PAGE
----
Depart from traditional engineering
Mechatronics reduces inefficiency, errors, and unnecessary expense by breaking down traditional engineering silos. At project onset using a mechatronic approach, electrical, mechanical, and software engineers address the actual product a customer wants to handle. They discuss the operations, or motions, required to form and handle the product, then make recommendations on how best to perform the operations. Precisely designed components—motors, drives, and gearboxes—can be viewed as standardized modular units fulfilling requirements for speed, torque, motion sequence, dynamics, and positioning accuracy. The engineers tap proven modular components and software, knowing precise specifications about what each can do.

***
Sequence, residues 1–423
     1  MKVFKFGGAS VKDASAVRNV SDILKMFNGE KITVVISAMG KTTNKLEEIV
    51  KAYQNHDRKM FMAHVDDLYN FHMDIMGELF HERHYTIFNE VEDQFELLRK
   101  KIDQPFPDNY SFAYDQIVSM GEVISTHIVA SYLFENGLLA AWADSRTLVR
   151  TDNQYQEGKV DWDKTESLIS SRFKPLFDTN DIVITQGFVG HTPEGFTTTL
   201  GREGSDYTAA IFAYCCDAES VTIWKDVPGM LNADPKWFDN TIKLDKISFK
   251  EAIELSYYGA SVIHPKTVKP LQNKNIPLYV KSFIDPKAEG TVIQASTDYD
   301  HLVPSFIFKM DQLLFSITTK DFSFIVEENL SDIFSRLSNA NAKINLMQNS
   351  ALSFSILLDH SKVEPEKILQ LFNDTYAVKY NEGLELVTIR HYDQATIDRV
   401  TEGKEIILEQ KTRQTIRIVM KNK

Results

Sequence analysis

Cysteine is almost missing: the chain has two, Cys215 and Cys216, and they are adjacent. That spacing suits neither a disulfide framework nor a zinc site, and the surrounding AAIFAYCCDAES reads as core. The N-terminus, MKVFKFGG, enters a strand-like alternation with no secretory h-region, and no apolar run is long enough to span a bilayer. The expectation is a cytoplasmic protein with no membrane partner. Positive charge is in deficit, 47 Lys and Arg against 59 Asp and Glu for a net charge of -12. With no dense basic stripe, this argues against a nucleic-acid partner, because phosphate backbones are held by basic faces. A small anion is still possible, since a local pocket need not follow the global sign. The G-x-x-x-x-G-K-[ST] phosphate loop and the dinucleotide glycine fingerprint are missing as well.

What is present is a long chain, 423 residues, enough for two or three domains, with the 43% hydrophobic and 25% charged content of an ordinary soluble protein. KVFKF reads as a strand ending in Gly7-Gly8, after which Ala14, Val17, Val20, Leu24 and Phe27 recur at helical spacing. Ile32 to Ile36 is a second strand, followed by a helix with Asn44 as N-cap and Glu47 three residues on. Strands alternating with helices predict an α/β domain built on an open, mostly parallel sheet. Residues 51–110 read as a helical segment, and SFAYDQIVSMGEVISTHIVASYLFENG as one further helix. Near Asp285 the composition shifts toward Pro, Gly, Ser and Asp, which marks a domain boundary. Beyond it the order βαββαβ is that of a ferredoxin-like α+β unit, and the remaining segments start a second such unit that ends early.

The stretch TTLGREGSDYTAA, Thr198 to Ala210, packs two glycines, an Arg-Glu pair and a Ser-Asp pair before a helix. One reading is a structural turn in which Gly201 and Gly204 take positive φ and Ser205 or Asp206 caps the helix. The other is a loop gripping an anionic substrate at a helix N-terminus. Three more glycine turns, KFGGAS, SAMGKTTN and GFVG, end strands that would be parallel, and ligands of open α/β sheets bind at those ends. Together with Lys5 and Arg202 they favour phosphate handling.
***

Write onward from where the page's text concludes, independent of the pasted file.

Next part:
After proffering design recommendations, the team collaborates to identify the implications of their recommendations on how the machine will ultimately perform. The simplicity of modular solutions more often than not results in better, stable product handling, and a safer, more efficient machine. Modules are selected and controls determined based on the features a customer needs. Code required to combine mechanical and electrical specifications is described according to machine functions—mechatronic modules, rather than programming language. The human machine interface (HMI) is developed using familiar terms, such as product dimensions and machine speed.